The Red Knights' attempt to buy ManU may have ended, but that won't curb the Goldman's BRICster's enthusiasm for all thing football. In his most recent Rose-Glassed commentary, Jim O'Neill explains why the world is great in 8 simple world cup parables, for all the ADDed traders who spend about 10 times as much time watching football than actually trading. Yet even the permabull is unable to contain himself in calling out the EU, ECB and the IMF in their Stress test hypocrisy: "The UK, the economy, the FSA, fiscal policy, and (oh dear), the team plays again tomorrow……..With a bit of luck, I wont be able to watch the match against Algeria which, if it is anything like the last one, will be much worse than a Spanish bank stress test…." Jim, you missed the news that according to the regulators in your favorite Europe, Santander is the healthiest bank in Europe. You have nothing to worry about: England should win by the same credible one thousand-nil, as the STD news.
The Baltic Dry index, which is the closest proxy for China's bubbleliciousness, has dropped to one month lows, and continues accelerating its drop to the downside. The dry bulk shipping sector, which was the bubble of late 2007 and early 2008, does not appear poised to make a repeat appearance just yet. As concerns over commodity overstocking in China, and Australian extraction concerns courtesy of the recent supertax, keep investors awake at night, is CNBC's "favorite" index about to retrace its 2009 lows? Furthermore, if the recent Afghanistan raw material discovery is even close to scale, the next big "thing" in Asia will be the Railroad Dry index, as construction of the world's biggest railway hub in Kabul is likely already underway. Throw in a few nuclear power plants, a couple of smelters, discover some bauxite and soon Afghanistan will eclipse Australia and Brazil as the premier commodity production center in the world. Is it time for Jim O'Neill to rebrand the N-11 index, formerly known as the BRICs, to the A index?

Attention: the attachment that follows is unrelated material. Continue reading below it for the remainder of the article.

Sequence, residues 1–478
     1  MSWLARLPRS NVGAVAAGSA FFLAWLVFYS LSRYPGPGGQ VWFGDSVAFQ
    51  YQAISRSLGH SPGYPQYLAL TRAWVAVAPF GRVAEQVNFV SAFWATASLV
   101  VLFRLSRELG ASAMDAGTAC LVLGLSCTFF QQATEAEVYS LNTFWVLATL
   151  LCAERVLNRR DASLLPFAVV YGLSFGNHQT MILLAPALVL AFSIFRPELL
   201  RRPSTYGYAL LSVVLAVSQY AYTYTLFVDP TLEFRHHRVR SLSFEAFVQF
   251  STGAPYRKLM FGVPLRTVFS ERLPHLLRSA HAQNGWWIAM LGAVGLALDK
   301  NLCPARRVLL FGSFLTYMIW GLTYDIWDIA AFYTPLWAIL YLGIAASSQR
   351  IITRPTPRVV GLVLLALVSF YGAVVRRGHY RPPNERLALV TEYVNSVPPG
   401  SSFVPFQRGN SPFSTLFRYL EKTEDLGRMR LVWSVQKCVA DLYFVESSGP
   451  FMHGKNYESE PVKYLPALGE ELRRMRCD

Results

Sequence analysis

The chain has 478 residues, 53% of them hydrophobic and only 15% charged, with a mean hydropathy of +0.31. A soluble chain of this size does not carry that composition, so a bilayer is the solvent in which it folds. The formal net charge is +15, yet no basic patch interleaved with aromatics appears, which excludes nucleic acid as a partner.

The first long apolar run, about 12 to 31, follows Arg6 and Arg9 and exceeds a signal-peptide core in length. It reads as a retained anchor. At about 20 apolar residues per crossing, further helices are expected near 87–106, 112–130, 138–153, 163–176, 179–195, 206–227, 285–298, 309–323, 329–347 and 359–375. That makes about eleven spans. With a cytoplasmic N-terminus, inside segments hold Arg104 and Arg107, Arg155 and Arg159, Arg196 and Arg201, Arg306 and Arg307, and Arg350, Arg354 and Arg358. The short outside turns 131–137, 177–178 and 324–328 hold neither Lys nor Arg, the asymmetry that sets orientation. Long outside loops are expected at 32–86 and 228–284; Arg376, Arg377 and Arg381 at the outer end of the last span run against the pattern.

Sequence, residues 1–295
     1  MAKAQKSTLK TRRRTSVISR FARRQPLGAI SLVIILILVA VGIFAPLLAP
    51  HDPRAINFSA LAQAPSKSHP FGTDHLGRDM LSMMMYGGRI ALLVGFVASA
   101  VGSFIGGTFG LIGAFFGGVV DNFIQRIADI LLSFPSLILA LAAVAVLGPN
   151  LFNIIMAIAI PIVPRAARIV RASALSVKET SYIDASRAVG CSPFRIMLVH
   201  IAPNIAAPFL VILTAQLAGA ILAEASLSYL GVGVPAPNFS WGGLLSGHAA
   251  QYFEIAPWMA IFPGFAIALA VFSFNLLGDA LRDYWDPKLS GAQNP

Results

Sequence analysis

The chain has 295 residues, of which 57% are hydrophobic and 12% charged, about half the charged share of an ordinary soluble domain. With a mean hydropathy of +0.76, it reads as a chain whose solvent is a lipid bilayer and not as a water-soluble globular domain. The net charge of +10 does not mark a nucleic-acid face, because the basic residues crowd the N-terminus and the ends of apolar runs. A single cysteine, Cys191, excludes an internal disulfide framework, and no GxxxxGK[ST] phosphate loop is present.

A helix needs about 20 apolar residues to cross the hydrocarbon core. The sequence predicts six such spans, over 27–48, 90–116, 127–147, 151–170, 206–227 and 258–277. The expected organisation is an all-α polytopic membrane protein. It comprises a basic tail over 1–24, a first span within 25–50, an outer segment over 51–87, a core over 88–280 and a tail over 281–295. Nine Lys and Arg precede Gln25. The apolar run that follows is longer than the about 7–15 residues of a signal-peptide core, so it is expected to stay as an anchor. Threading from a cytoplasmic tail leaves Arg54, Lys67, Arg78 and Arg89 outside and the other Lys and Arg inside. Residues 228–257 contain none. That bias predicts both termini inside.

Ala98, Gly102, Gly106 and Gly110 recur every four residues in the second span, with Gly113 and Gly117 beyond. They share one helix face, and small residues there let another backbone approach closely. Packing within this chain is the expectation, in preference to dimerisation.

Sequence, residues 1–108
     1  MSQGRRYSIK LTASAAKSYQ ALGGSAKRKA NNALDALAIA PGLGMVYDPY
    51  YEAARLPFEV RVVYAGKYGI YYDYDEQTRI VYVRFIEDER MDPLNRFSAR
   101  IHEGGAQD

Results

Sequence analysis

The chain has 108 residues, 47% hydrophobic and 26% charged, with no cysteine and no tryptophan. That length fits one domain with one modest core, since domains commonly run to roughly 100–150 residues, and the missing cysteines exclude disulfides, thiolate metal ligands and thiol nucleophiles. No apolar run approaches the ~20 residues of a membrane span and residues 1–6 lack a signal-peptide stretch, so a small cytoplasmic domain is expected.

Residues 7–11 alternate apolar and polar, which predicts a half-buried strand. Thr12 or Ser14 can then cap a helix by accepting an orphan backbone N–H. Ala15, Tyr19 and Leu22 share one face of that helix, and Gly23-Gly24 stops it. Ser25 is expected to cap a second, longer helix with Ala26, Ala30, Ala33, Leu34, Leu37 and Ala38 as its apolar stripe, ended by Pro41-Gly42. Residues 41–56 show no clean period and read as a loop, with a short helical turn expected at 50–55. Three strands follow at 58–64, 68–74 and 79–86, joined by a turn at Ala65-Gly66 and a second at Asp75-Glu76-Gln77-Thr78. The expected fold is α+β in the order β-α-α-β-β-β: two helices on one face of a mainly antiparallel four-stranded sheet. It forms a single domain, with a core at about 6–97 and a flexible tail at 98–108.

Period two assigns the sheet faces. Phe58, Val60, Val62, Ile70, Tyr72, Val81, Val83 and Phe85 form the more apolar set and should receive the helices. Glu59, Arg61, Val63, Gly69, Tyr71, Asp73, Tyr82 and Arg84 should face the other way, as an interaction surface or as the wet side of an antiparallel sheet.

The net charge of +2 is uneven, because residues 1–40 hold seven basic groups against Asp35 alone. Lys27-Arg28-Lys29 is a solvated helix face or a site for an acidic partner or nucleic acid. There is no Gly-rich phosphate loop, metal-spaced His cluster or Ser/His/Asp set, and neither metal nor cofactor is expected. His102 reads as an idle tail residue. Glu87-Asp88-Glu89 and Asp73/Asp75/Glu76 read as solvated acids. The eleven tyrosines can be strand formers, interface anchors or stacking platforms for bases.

First confirmed permabull Jim O'Neill presented 10 "grizzles" why the bear market may be coming back, then Bob Janjuah reiterated his very bearish outlook on life, and, right on cue, here is Albert Edwards with his latest crucifixion of unwarranted bullish sentiment."As we head into a double-dip, the current technical correction will rapidly turn into a resumption of the structural bear market for stocks. We have not seen the worst yet." Perhaps BMO's recommendation for a zero equity weighting is spot on...
With even Jim O'Neill giving up on China and the BRICs, Goldman will milk every last drop out of the rapidly deliquifying country. Case in point: Goldman upgrades recent dog Amazon from mere mort Buy to Conviction Buy, upping its price target, completely contrary to the price action, from $180 to $190. The premise being after a few hundred million Americans bought electronic books, only to remember they hate reading, the same will happen in China: We expect Amazon’s China business to help accelerate its global customer growth rates through 2010."
A week ago, Goldman's Jim O'Neill asked the following question:
"Anyhow, dear grizzlies....bet your [sic] worried about today’s rally? See u later."
To which the grizzlies respond with their own question:
"Isn't payback a bitch Jim "N-11" O'Neill? See u later."